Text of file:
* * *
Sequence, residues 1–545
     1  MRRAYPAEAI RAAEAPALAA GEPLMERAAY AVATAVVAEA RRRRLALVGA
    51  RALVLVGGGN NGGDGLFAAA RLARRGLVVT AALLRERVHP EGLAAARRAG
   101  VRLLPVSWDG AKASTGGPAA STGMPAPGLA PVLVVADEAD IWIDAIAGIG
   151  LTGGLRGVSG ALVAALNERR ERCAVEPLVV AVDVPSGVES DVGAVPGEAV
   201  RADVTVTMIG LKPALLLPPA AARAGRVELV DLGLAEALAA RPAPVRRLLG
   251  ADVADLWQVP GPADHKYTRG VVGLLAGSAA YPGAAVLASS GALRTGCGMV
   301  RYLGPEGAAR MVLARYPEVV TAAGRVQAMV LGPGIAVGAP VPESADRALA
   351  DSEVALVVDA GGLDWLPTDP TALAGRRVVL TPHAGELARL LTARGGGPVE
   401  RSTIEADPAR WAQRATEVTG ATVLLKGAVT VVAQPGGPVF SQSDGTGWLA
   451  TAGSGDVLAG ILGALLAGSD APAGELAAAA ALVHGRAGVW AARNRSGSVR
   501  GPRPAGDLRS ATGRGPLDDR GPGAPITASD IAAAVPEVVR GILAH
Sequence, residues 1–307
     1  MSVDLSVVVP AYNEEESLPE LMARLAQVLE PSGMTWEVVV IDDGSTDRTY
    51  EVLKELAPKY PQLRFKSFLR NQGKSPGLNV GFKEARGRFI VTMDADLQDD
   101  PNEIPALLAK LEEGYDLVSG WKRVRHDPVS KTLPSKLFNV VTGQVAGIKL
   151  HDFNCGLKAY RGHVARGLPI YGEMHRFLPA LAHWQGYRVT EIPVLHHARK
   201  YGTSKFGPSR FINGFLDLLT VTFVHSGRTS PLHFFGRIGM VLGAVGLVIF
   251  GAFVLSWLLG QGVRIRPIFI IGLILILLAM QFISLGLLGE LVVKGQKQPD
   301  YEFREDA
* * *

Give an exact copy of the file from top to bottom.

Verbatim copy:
Sequence, residues 1–545
     1  MRRAYPAEAI RAAEAPALAA GEPLMERAAY AVATAVVAEA RRRRLALVGA
    51  RALVLVGGGN NGGDGLFAAA RLARRGLVVT AALLRERVHP EGLAAARRAG
   101  VRLLPVSWDG AKASTGGPAA STGMPAPGLA PVLVVADEAD IWIDAIAGIG
   151  LTGGLRGVSG ALVAALNERR ERCAVEPLVV AVDVPSGVES DVGAVPGEAV
   201  RADVTVTMIG LKPALLLPPA AARAGRVELV DLGLAEALAA RPAPVRRLLG
   251  ADVADLWQVP GPADHKYTRG VVGLLAGSAA YPGAAVLASS GALRTGCGMV
   301  RYLGPEGAAR MVLARYPEVV TAAGRVQAMV LGPGIAVGAP VPESADRALA
   351  DSEVALVVDA GGLDWLPTDP TALAGRRVVL TPHAGELARL LTARGGGPVE
   401  RSTIEADPAR WAQRATEVTG ATVLLKGAVT VVAQPGGPVF SQSDGTGWLA
   451  TAGSGDVLAG ILGALLAGSD APAGELAAAA ALVHGRAGVW AARNRSGSVR
   501  GPRPAGDLRS ATGRGPLDDR GPGAPITASD IAAAVPEVVR GILAH
Sequence, residues 1–307
     1  MSVDLSVVVP AYNEEESLPE LMARLAQVLE PSGMTWEVVV IDDGSTDRTY
    51  EVLKELAPKY PQLRFKSFLR NQGKSPGLNV GFKEARGRFI VTMDADLQDD
   101  PNEIPALLAK LEEGYDLVSG WKRVRHDPVS KTLPSKLFNV VTGQVAGIKL
   151  HDFNCGLKAY RGHVARGLPI YGEMHRFLPA LAHWQGYRVT EIPVLHHARK
   201  YGTSKFGPSR FINGFLDLLT VTFVHSGRTS PLHFFGRIGM VLGAVGLVIF
   251  GAFVLSWLLG QGVRIRPIFI IGLILILLAM QFISLGLLGE LVVKGQKQPD
   301  YEFREDA